Direct marketing companies such as Lands' End know who reads its catalogs and a little bit about where. These companies analyze the who so that they can create new offers and achieve more yield from their existing customers. They know where someone lives, but they do not know where they usually shop, where they buy goods.

Where can also mean big business: The great retailing companies have the where down to a science. Ever since the days when Sam Walton piloted his small propeller plane across the heartland of America to survey potential new sites for a Wal-Mart, companies like his and McDonald's have turned the issue of where into high art.

These companies' locations have made them staggeringly rich. Famed for its ability to crack the code of site selection, McDonald's sees 45 million customers a day-Wal-Mart more than 90 million a week. Yet these two companies know virtually nothing about their individual customers. There is no individual profile of each customer, only aggregate statistics to predict what type of customer will visit and where. Because McDonald's does not know who that individual is and how to contact him cheaply and efficiently, it cannot influence his buying decision to come to McDonald's on a particular day instead of going to Burger King.

Not surprisingly, when is the most misunderstood and least pursued dimension of marketing. The legacy of traditional shopping and working hours has led most companies to ignore its potential. Yet there is nothing more important to revenues and market share than understanding when someone is in the mood to buy. Some mainstream companies have made blunt efforts to discover the when of their customers' desires. For example, 7-Eleven in Japan restocks 20 percent of its stores five times a day to meet the morning, lunch, after school, dinner and after-dinner demands of its customers. This builds trust in the minds of its customers because 7-Eleven will have what the customers need, when they need it. Other nascent instruments include timing car company ad banners to appear when someone is searching in the automobile category on Yahoo.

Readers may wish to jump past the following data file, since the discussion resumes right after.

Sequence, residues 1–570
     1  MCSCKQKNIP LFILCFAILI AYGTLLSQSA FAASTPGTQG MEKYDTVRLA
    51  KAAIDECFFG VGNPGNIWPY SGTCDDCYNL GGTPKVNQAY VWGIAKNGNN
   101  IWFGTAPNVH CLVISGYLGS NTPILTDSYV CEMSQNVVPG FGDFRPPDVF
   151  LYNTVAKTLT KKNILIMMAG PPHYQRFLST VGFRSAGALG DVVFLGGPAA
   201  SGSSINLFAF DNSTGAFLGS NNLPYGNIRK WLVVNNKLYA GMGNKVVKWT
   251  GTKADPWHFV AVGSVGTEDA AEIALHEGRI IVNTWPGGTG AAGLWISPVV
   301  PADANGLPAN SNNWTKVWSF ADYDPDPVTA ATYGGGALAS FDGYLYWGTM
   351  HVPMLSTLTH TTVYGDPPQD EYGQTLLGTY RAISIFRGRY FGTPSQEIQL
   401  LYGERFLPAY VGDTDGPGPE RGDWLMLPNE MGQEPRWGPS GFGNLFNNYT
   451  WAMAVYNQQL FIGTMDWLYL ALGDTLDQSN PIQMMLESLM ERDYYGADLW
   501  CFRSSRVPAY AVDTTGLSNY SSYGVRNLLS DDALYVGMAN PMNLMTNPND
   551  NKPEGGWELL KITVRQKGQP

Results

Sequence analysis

When you put a 3-D strategy in place, make sure you put concrete measures in place. You need to show that this increased clarity in marketing can attract more customers to more profitable products more efficiently.

Technology is key to this who-where-when initiative, and there are three steps you can take to integrate a 3-D strategy with your technology strategy.

First, recognize that each new interface you create is a new challenge-and opportunity. You must have a technology architecture that can help create unity for your customer, not new and different interfaces each time. Imagine if Coke came in different size bottles or in different colors every time you bought it; there would be no brand as we know it today. That is what you need to keep in mind as you take your customer through different menu trees, voice mails, e-mails and Web interfaces.

Second, make sure you link your interface architecture to your customer value management approach. Each interface point is a potential control point for cross-selling, quality and service.

Third, show your senior management that your information systems control or influence what your management systems can do. Always drive to create management systems that are at least as fast and flexible as the customer's buying cycle. Cisco can close its books every night. Its business cycle is that fast. Can you?

John Sviokla, vice chairman of Diamond Cluster International, a Chicago-based consultancy, operates in 3-D all the time. Reach him anytime, anywhere at getreal@cio.com.